Overcoming persistent differences in education outcomes in relation to student spending is the biggest challenge of Atlanta Public Schools (APS). Our school system has received a grade D over a three-year period (2014 to 2016), spent more per student that the rest of the state, and had lower CCRPI scores compared to Georgia. During the same period, the budget for APS has grown to its current $777 million that is greater the budget for the City of Atlanta ($605 million).
5) How would you address what you feel is Atlanta Schools’ biggest challenge?
I would embrace a multi-faceted approach to identify factors limiting the consistent delivery of education, address those factors, and investigate strategies to decrease spending while providing quality education. The purpose of the school system is to educate our children. However, education must also occur in the context of fiscal responsibility. I provide an approach to factors limiting performance of the school system in question #6 as it details my focus as an elected official.
Promoting fiscal responsibility first requires comprehending the APS portfolio for its capability to meet short-term needs without compromising long-term growth. However, balancing short and long-term needs may not be a straightforward endeavor. Although, APS has an asset management department, the City of Atlanta owns the deeds and titles to APS properties and they accordingly are managed by the mayoralty. Budget review to trim non-essential spending along with education funding through business partnerships are possible approaches to fiscal responsibility without sacrificing quality education. Establishing collaboration with professional partners has the potential to ease dependency on the property tax structure for education funding. Developing creative and flexible frameworks through stakeholder engagement can stabilize communities, keep businesses intact, and protect the long-term investment in our children’s education.
6) What are the top two or three things you plan to focus on during your term as an elected official?
A. Reduce education differences (academic performance, dropout rates, and graduation rates) within a district and APS as a whole.
B. Increase the impact of existing programs for students and families by: 1) formal program evaluation to assess effectiveness, 2) develop models that capture social barriers to achievement within clusters and associated communities, and 3) increase cultural competence that has been shown to narrow achievement gaps.
C. Leverage industry and business to invest in Atlanta by funding education and community initiatives to lessen the reliance of education funding on the property tax structure.
7) What is your opinion of the current superintendent? Are you happy with her leadership or do you want the school system to go in a different direction?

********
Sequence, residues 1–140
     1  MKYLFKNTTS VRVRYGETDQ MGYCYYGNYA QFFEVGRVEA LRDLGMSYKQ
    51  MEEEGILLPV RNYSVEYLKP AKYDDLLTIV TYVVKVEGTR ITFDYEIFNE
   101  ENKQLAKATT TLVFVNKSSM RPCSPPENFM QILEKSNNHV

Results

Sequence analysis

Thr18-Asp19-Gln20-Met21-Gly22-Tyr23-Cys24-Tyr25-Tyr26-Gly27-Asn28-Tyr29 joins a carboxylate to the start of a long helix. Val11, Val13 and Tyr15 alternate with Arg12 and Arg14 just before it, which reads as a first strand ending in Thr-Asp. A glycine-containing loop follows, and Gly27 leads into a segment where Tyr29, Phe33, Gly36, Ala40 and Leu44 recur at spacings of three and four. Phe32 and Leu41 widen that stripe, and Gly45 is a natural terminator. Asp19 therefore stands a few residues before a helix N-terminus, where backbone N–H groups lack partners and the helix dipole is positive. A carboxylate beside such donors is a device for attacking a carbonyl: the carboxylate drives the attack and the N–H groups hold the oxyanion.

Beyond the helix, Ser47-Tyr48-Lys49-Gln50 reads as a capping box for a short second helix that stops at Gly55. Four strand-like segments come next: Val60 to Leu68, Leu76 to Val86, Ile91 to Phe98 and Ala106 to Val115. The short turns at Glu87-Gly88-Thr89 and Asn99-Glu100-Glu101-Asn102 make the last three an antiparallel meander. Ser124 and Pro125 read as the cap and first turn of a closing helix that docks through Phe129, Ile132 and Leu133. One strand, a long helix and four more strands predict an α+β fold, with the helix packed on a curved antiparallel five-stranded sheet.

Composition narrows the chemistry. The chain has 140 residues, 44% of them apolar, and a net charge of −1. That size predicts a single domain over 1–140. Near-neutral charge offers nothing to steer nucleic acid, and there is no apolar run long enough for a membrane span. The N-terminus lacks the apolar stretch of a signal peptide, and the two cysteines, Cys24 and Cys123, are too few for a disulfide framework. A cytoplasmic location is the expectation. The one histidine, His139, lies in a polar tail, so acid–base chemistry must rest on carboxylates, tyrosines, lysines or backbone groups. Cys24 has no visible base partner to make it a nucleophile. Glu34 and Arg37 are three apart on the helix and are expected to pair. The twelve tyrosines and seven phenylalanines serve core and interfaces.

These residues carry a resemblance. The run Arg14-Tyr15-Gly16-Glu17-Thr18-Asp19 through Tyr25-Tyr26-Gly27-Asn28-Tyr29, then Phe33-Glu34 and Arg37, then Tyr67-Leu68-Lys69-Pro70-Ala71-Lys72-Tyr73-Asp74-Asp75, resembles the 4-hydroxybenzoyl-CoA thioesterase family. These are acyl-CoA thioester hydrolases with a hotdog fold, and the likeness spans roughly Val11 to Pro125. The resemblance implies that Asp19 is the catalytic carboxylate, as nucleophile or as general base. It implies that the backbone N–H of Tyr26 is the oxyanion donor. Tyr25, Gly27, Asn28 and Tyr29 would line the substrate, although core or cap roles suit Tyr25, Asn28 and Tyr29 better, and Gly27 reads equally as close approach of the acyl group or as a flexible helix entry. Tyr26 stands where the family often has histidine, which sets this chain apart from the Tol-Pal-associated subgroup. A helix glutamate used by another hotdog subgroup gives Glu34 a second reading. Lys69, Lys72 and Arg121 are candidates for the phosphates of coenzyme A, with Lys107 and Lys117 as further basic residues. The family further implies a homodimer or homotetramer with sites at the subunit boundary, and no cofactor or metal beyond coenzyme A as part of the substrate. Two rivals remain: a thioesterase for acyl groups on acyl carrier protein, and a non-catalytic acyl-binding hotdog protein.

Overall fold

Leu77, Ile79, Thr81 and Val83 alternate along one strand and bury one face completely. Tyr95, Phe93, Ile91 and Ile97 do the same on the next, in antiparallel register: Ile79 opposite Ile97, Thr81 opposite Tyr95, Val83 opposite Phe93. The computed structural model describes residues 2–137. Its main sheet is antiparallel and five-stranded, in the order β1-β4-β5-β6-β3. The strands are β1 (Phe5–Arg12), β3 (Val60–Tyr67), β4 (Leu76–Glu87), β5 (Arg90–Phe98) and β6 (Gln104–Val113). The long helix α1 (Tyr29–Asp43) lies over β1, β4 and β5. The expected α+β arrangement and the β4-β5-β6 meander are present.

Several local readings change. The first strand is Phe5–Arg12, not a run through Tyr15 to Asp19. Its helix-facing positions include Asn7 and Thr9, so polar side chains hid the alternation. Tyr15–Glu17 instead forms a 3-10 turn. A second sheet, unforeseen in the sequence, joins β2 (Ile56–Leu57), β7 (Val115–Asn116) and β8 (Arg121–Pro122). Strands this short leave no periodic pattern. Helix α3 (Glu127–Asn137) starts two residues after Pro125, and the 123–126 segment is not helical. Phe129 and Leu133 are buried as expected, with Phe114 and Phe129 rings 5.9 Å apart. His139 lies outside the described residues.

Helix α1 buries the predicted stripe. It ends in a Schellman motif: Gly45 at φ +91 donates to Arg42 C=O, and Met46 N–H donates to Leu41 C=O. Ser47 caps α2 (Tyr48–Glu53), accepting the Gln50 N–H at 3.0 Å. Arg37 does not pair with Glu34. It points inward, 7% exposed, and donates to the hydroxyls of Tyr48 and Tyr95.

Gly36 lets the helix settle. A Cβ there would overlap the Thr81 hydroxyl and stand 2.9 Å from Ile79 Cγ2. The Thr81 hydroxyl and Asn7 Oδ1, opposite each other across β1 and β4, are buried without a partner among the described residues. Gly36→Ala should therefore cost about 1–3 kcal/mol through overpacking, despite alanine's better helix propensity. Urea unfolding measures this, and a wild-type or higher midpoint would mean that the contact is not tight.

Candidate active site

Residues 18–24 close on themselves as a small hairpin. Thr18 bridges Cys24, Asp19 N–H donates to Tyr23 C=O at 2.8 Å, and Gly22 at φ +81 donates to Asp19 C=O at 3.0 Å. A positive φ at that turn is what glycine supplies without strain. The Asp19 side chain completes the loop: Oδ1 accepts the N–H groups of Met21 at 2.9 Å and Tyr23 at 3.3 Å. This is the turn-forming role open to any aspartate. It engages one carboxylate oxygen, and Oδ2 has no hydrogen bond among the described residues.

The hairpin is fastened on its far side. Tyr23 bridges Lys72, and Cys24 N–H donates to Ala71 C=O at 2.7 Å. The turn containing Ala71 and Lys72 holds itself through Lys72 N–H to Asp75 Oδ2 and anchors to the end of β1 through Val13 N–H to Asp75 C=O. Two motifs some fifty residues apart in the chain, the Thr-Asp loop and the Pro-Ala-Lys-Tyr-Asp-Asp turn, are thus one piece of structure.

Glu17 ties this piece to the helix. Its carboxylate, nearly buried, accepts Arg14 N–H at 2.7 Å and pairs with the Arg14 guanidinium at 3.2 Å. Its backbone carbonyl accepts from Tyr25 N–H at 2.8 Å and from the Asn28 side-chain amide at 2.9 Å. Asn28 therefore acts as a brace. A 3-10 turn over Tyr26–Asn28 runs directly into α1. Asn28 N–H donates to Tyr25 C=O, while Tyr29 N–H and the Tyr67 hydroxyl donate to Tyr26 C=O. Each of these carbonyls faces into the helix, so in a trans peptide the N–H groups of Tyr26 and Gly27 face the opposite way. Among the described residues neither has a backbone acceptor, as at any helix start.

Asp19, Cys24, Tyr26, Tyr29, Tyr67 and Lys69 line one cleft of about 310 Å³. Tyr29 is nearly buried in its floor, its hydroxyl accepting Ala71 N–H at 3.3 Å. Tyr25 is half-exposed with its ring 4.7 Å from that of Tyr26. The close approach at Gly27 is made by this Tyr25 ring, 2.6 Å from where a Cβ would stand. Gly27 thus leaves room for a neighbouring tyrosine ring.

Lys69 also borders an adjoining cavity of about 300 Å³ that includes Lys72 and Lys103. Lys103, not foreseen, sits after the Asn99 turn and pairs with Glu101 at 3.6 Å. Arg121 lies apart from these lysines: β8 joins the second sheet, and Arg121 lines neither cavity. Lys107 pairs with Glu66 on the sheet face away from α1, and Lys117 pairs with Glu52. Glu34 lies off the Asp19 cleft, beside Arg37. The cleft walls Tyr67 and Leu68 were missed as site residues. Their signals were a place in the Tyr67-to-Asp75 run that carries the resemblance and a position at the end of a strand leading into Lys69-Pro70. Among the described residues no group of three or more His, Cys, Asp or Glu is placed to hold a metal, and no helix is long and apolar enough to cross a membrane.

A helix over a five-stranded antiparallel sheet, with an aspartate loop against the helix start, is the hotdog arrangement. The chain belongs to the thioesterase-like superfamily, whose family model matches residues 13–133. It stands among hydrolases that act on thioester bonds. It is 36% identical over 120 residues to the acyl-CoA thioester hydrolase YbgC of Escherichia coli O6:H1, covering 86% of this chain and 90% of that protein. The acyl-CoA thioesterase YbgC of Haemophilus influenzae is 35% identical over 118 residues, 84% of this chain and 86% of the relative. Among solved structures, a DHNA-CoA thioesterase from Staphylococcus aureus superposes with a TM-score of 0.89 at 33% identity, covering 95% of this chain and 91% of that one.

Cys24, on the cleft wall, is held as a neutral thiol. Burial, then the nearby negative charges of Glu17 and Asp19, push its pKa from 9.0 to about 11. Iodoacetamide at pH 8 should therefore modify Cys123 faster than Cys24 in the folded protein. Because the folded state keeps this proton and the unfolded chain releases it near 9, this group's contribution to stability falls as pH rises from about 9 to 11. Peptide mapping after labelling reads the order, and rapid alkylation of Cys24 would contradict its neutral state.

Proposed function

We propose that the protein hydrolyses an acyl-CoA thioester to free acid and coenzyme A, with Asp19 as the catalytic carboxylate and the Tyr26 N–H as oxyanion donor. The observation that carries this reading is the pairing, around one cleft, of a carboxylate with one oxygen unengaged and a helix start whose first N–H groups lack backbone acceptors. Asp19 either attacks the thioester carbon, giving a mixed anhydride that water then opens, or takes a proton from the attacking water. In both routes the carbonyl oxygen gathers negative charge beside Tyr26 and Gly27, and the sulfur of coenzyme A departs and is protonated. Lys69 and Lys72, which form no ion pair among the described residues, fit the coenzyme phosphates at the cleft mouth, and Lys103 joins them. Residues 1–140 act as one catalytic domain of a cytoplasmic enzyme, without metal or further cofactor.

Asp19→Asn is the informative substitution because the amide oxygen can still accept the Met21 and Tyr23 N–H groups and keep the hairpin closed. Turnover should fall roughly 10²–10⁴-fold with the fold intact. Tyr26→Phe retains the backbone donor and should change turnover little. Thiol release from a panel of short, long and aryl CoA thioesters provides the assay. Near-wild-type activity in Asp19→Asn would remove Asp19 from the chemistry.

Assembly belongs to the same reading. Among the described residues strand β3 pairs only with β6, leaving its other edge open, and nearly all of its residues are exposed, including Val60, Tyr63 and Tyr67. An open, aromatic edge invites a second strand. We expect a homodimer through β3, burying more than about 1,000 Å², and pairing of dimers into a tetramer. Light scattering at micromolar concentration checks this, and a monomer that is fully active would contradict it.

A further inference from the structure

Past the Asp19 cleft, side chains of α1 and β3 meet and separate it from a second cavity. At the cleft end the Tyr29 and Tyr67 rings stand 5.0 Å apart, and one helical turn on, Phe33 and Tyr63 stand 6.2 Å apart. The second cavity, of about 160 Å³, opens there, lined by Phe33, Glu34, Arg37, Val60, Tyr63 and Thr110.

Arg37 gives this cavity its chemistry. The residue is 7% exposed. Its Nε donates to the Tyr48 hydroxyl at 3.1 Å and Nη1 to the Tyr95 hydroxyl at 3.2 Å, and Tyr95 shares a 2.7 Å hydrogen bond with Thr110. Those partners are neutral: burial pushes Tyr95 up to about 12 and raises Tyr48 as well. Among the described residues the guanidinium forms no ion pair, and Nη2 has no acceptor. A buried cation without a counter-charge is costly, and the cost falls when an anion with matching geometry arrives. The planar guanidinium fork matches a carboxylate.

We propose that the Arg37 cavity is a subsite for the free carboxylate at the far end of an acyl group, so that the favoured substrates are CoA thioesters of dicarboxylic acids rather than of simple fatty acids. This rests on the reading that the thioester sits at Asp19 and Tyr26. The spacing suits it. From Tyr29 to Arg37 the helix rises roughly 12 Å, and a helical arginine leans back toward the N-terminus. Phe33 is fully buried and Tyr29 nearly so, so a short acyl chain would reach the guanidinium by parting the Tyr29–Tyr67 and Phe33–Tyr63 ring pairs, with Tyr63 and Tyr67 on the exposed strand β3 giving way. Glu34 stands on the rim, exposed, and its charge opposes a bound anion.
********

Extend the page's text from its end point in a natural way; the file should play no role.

The role of school superintendent is not an easy position. It is a job subject to the scrutiny and ire of parents and communities concerned about decisions impacting their children and stability. I recognize the demands of the position and appreciate the dedication of the current superintendent in moving APS forward following the cheating scandal.
Beyond the effort and dedication of any individual, the mission of APS is for every student to graduate prepared for college and career. However, success in achieving this mission is in doubt when only 41% of graduates were ready for college in 2016 and the system consistently receives a grade of D from the state over a three-year period. Differences in education with unequal outcomes remain as some schools perform well while others consistently perform poorly. The superintendent does not bear the responsibility of educating our children alone. I opine the most effective strategy to be a collaborative approach that adapts evidence-based methods to design policy meeting the needs of our children and communities.
8) If elected, do you promise to conduct yourself in an ethical and transparent manner?
Yes. As a physician, I know the importance of abiding by the highest ethical standards. I currently abide by ethical standards of practice. Transparency is important because it can encourage trust among people working towards a common goal. In this case, it is the successful education of our children. Recently, a question of unethical conduct by an Atlanta school board member was presented. Although the matter closed, the mention alone can create lingering concerns among constituents that damage trust and potential gains from working together. If elected, I promise to continue conducting myself with ethical regard and transparency.